Many prospective homebuyers in Canada’s priciest markets are wondering whether the economic crisis triggered by the COVID-19 pandemic comes with a silver lining for them.
Will this, perhaps, be their chance to finally step on the property ladder?
The answer, according to housing-market watchers, is both complicated and shrouded in uncertainty.
If you look at them from a bird’s eye view, Canada’s residential real estate prices currently seem frozen in time.
The national average home price edged down just 1.3 per cent in April compared to the same month last year, the Canadian Real Estate Association (CREA) said Friday.
CREA’s home price index, which adjusts for changes in the mix of homes sold, declined just 0.6 per cent between March and April and was up 6.4 per cent compared with April 2019, reflecting hefty pre-coronavirus price gains.
Generally speaking, home prices aren’t budging much, because both the supply and the demand for homes have collapsed roughly in tandem, economists say.
Canada-wide sales of existing homes fell 58 per cent last month compared with the same time last year, but the number of properties newly listed on the market was down 59 per cent from a year ago. As a result, the sales-to-listings ratio — a key metric used to assess whether market conditions favour buyers or sellers — is currently sitting at 62 per cent compared to 64 per cent in March and 65 per cent in February.
In normal times, it takes a sales-to-listing ratio of 35 per cent or less to have what insiders call a buyers’ market. When there are plenty of homes available for sale and comparatively few buyers, goes the reasoning, house-shoppers can be choosy and have more bargaining power.
By that metric, Canada’s housing market would seem to be firmly in sellers’ territory.
On the other hand, CREA also said, nationally, it would currently take roughly nine months to clear up the current inventory of homes on the market at the current sales pace. That was up from around four months in March.
This means “lingering listings are not getting taken up,” said BMO economist Robert Kavcic in a note to clients.
“Note that the months’ supply peaked at 9.7 during the financial crisis in late-2008, and these levels ordinarily suggest some pullback in prices,” he added.
But, he warned, with the majority of buyers and sellers waiting on the sidelines, “these metrics become a bit less reliable.”
As everyone knows, however, all real estate is local. And when you zoom in at the level of specific neighbourhoods and market segments, you may find buying opportunities, says Zoocasa CEO Lauren Haw.
“There are absolutely supply-side opportunities, especially in the urban cores, where we’re seeing a bit higher inventory in the condo market,” Haw told Global News.
In some downtown Toronto neighbourhoods, for example, median condo prices have dropped by more than 10 per cent, falling by over $50,000, according to a recent analysis by Zoocasa.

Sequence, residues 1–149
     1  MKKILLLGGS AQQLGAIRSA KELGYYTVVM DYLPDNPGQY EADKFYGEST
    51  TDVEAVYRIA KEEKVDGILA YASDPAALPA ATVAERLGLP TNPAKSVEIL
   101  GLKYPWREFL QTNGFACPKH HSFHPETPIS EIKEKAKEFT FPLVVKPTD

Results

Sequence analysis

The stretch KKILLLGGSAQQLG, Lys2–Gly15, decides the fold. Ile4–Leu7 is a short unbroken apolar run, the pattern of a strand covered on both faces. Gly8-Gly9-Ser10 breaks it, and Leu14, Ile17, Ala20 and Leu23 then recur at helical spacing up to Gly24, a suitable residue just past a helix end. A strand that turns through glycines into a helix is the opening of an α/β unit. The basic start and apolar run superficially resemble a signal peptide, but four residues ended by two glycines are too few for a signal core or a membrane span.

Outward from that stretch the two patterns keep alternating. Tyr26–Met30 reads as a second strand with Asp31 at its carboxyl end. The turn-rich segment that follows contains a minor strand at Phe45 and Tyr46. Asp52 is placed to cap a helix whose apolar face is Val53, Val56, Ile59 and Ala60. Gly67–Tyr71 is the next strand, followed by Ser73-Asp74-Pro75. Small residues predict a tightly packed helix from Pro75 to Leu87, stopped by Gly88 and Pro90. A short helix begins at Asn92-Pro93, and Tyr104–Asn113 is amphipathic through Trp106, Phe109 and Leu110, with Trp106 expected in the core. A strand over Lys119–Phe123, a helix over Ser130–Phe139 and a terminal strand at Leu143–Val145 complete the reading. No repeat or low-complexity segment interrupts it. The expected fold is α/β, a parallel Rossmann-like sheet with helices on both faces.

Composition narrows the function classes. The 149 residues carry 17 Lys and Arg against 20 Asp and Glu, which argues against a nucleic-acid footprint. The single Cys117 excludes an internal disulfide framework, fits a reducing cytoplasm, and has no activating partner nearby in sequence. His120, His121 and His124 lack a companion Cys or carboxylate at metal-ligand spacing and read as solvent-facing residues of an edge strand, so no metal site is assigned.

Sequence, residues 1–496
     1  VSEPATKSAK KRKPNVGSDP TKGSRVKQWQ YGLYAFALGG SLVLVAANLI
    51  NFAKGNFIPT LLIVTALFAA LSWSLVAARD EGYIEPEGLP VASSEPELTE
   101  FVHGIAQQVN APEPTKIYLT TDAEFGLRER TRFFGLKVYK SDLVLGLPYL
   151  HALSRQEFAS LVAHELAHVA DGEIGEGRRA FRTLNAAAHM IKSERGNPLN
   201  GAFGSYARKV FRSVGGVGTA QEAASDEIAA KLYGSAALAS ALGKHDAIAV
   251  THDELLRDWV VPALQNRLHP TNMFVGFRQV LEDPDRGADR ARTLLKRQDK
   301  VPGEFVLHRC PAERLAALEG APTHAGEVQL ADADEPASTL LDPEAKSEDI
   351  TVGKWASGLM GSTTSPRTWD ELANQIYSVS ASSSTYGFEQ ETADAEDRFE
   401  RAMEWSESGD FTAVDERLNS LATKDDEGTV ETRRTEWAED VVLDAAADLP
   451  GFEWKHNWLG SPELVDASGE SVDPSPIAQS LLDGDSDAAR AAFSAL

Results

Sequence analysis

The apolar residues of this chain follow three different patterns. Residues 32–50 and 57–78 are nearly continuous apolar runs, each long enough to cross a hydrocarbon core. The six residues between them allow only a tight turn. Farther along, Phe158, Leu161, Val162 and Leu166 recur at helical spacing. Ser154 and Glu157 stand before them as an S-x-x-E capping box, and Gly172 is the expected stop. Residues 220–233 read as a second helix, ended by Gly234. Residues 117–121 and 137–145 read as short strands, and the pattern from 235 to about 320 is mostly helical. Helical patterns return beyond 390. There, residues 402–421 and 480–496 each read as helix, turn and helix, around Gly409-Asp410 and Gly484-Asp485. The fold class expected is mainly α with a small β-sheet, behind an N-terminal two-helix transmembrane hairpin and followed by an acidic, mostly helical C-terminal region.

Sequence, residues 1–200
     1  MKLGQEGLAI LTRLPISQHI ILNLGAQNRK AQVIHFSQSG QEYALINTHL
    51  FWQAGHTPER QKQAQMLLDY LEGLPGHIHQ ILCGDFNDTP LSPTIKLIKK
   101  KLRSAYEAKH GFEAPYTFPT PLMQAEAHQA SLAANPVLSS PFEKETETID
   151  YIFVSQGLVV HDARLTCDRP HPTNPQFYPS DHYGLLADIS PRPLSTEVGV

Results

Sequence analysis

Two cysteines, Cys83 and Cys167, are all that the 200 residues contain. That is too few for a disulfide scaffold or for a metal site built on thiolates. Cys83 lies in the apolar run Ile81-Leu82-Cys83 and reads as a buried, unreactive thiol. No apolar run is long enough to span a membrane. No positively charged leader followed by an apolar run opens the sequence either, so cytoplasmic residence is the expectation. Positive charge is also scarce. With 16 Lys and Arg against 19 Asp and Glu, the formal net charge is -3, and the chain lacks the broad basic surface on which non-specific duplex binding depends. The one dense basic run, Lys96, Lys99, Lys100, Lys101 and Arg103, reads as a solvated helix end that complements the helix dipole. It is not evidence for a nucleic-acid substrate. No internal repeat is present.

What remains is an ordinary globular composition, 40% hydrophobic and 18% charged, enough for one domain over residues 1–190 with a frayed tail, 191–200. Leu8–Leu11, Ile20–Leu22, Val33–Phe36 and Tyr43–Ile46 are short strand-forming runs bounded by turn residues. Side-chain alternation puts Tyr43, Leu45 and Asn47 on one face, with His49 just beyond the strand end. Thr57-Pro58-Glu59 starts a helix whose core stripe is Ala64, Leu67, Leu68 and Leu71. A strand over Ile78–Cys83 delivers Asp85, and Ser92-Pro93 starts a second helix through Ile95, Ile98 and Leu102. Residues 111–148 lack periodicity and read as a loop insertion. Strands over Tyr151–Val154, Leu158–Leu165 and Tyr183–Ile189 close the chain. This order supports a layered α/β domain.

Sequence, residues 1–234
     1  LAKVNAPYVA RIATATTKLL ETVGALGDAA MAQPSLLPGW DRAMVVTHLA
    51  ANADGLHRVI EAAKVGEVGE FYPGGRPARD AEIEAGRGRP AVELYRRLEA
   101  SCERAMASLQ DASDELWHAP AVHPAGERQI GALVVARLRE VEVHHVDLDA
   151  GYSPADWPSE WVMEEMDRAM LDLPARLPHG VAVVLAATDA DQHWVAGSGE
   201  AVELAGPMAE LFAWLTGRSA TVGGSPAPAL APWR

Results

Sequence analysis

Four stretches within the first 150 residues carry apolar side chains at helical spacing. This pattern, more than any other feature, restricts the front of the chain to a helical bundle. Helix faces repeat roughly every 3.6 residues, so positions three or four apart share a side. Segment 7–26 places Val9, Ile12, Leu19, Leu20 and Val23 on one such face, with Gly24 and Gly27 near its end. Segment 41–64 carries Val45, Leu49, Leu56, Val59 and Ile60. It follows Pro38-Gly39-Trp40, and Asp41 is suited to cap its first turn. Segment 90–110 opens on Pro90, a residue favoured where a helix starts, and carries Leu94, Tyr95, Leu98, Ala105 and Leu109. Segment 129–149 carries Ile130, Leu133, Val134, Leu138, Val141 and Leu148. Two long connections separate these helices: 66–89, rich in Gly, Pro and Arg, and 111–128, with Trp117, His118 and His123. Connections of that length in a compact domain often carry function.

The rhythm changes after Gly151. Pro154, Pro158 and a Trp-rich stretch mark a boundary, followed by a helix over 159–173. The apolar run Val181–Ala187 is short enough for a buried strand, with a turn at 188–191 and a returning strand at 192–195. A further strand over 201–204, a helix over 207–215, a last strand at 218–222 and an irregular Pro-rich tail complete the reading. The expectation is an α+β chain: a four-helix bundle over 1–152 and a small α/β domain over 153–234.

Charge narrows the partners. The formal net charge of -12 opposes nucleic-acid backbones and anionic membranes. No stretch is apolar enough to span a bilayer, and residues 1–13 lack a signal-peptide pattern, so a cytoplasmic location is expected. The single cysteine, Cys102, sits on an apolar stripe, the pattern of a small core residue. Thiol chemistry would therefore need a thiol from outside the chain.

On the other hand, the supply for other market segments has virtually dried up, Haw added.
“The family homes in great school neighbourhoods — they’re not really listing right now,” Haw said.
With kids at home from school, it’s a difficult time for families to put a home on the market, she added. Prospective home sellers who can afford to stay put are doing just that, she noted.
That’s even in the condo market, according to Pauline Lierman of research firm Urbanation. In Toronto, it is only bachelor units and one-bedroom condos valued under $500,000 that have seen their share of sales volumes increase between March and April, with the share of pricier units either staying flat or declining.
Wealthier condo owners who can afford to wait out the current slump are sitting on the sidelines, Lierman said. And that, in turn, can affect median property values, with average price drops reflecting at least in part the relatively larger number of cheaper condos up for sale.
Haw’s advice to homebuyers is to figure out where they’d like to live and in which kinds of property for at least the next five years. Then, she said, keep an eye out to see whether something that fits their needs becomes available.
“Interest rates are really low and you can get into a market where some of the sellers are quite motivated,” she said.
Some sellers may be under pressure to offload a property because they’ve already bought a new house, she said. Some real estate investors may also be trying to sell short-term rentals they can no longer afford after bookings dried up.
It’s possible there will soon be many more motivated sellers on the market, according to Robert McLister, founder of rates-comparison site RateSpy.com.
“There could be more people who have to set sail in coming months,” he said.
Canadians whose jobs aren’t coming back or who run out of mortgage deferrals may be forced to put their properties on the market, which could put pressure on prices, he said.
The sales-to-listings ratio, he added, will be a key gauge to watch to see where the market is headed.
For now, there’s significant disagreement among economists about where that might be.
Lierman’s advice for buyers is to rely on an experienced real estate agent who knows the area where they want to buy to keep them up to read the market signals.
“Look for a specialist in your neighbourhood and do your due diligence.”
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